What I Like About eBooks
The World Public Library Blog Newsletter
Volume 1, Number 8
Monday, June 13, 2011
Published Twice Weekly
by Michael S. Hart
Founder, Project Gutenberg,
Inventor of eBooks
What I Like About eBooks
The first thing I like about eBooks, of course, is that we will be able to carry around millions of eBooks in our pockets today-- all we have to do is download them onto one of those terabytes, the ones that easily fit into your pockets, for under $100.
If fact, from this July 4 through August 4 you have the chance, not only to download as many as you want from a million eBooks, but from FIVE MILLION items at The World eBook Fair, http://www.worldebookfair.org.
Besides that there are literally thousands of Internet sites on tap with various eBook downloads, not to mention Google, though they go way out of their way not to let you know how many their collection contains, nor how much is copyrighted, and thus they impose a fairly strict limit on how many pages are downloaded.
Nevertheless, if you downloaded every item from The World eBook Fair, Google, and a few of the other major sources [and they're other sites in other countries with major collections] you will find your choices are from over 10 million eBooks.
A collection of 10 million eBooks might double the cost of your computer, but think of the fact that not so very many years ago there weren't but a dozen or two libraries on the entire planet with over 10 million items [and many of those were pamphlets or other very short publications].
When people talk about "The Killer App," I always hearken back, perhaps it's just me, to what was really the very first of this whole Internet site and downloading thing. . .eBooks!
After all, when you consider that the average book sold by such stores as Borders, or college bookstores, is $100, then do some easy, but large, multiplication and find out that:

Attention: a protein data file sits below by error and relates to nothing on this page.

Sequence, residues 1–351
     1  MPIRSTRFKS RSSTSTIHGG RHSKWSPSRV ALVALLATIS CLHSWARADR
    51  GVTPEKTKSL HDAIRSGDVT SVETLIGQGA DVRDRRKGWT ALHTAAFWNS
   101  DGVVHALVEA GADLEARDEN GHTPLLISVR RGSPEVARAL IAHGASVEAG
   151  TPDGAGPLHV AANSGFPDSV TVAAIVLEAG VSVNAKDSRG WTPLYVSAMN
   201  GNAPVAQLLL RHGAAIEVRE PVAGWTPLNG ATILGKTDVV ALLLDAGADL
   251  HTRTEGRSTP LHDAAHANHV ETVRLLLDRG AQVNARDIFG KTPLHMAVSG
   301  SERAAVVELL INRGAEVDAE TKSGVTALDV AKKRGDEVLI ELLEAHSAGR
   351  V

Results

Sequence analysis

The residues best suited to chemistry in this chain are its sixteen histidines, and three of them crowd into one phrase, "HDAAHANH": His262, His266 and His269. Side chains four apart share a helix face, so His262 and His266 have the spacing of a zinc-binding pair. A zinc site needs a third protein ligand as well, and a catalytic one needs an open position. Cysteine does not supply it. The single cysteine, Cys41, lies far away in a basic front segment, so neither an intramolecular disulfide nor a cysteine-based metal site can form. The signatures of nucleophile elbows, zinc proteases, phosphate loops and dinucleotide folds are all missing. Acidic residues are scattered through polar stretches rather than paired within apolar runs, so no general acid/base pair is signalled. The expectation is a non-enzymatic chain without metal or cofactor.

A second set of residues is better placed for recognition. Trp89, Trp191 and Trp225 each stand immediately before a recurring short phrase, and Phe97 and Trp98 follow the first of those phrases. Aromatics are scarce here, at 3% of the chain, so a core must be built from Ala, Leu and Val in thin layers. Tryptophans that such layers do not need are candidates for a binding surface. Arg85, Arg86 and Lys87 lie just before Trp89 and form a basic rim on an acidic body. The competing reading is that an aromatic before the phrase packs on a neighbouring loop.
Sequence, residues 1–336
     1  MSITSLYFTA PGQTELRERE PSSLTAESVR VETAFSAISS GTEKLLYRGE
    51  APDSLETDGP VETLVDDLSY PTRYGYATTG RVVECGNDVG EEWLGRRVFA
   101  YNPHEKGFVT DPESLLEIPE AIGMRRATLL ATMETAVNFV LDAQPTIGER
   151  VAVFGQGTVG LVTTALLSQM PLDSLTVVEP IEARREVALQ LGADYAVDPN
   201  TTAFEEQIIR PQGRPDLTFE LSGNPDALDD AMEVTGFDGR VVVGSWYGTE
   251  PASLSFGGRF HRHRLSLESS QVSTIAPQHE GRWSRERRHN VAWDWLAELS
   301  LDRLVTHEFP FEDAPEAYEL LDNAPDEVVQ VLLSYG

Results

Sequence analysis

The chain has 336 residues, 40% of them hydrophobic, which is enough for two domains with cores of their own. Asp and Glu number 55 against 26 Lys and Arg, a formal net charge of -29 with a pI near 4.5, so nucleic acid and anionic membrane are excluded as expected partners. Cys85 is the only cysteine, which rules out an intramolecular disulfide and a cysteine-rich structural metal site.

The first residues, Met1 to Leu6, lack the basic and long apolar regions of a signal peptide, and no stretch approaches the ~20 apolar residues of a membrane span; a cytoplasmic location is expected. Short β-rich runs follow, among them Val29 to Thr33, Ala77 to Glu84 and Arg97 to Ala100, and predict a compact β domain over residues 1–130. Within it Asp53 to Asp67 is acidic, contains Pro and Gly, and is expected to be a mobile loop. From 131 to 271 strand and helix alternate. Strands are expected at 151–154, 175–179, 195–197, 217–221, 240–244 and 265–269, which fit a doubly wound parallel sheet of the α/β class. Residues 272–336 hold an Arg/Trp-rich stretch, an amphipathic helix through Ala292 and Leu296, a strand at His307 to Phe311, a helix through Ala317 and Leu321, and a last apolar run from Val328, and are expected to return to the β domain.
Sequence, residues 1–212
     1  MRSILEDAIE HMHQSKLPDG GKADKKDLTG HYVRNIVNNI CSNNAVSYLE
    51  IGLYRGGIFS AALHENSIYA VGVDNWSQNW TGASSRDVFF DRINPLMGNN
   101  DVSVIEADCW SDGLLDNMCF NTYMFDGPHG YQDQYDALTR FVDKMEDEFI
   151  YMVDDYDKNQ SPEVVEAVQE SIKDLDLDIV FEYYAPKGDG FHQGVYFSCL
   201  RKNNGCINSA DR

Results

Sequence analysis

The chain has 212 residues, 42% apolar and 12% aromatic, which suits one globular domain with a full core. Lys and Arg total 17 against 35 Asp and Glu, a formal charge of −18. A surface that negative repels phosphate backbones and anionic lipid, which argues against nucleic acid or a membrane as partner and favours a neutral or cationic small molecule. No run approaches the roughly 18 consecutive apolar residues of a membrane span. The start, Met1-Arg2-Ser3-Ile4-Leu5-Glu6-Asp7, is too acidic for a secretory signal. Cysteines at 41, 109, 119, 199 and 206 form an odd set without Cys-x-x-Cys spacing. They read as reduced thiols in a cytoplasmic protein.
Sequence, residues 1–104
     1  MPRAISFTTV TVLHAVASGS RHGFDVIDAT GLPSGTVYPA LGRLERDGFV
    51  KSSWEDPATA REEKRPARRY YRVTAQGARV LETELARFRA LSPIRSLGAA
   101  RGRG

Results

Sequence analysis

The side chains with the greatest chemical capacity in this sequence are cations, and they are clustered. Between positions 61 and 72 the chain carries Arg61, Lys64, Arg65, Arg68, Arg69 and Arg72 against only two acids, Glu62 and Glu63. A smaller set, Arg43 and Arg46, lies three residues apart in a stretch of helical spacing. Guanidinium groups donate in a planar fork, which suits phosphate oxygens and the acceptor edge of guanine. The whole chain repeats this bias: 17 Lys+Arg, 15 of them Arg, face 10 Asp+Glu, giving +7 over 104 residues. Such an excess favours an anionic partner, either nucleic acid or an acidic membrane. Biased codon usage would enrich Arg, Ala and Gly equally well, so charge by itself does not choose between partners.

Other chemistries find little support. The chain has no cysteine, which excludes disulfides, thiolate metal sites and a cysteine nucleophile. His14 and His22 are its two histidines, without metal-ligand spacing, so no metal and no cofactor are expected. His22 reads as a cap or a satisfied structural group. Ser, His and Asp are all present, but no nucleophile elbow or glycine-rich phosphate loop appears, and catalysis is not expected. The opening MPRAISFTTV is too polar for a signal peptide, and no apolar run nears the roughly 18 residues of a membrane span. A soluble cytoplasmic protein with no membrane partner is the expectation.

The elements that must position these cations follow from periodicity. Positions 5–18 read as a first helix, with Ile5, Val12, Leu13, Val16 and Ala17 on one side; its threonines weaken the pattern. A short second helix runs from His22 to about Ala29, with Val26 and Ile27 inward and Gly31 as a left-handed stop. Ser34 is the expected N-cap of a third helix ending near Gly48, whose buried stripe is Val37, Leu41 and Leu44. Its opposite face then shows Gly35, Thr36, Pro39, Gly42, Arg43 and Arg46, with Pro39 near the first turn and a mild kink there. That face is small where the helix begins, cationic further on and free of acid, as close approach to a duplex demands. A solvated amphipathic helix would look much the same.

10 million books at $100 has a value of ONE BILLION DOLLARS!!!
However, as one of our greatest quotations points out:
"A cynic is a person who knows the price of everything, but who knows the value of nothing."
This brings me to the another thing I like best about eBooks:
eBooks have no value to the person who never uses them!!!
Obviously some people buy paper books more for to show them for their friends, neighbors or colleagues to admire, than actually to do any real reading.
In fact, in the days before The Gutenberg Press a great library valued at a higher price than an entire region might be one for which there was actually very little other use than to impress.
[Before Gutenberg the average book price was equal to that of a whole family farm.]
So, in today's world, a it is harder and harder to impress such people just by the sight of bookshelves filled with books, they are more and more only impressed by what you know about reading them and how you understand the contents and apply them.
Books used to be more about form than content, but now books in the future will all look the same from the outside and the only way you will perceive them is if they are really in use.
After all, a book isn't a book until someone starts reading it.
Until then, it is just waiting to be a book, a potential book.
So. . .get out there and bring your books to life!!!
A Bit More News About the iCloud
Apparently the effort between Apple, Microsoft, Mozilla and a perhaps unknown number of others to eliminate older softwares is even bigger than we had originally reported.
Apple has apparently insured that even more people would drop Microsoft Windows XP than otherwise, just to get into iCloud.
As previously reported various incompatibilities are built in to a number of new products to insure dropping the old ones-- a term once popularized by the term "Planned Obsolescence" in the period when various home appliances were built with dates in mind by which they should have to be replaced due to a new intentional program to insure old products function no longer in the current environment. After all, how were you going to sell new toasters to people who had handed down the perfectly good previous toasters from generation to generation?
Personally, I have collected a number of toaster, and others, from before this era of "Planned Obsolescence," and they work as well as they day they were manufactured.
I should warn you however, if you plan to do these sorts of a preservation with computer hardware and software, that I have found a certain way that the computers we usually talk to all the time seem to know that your computer is, or is not, of an order they like to deal with. I'm not sure how it all works, but you can try it simply by setting your clock back a number of years until you find that you are rejected from logging in to your own ISP or other sites and servers simply because the "date" on your "cookies" and other similar packets that we're never supposed to be aware of don't match the current policy, and you are summarily tossed out.
Don't worry, though, you can simply reset the date and go on, and apparently there is no grudge held, as I have done all of this on many occasions from the same computer, and I get back online as soon as I set the date properly.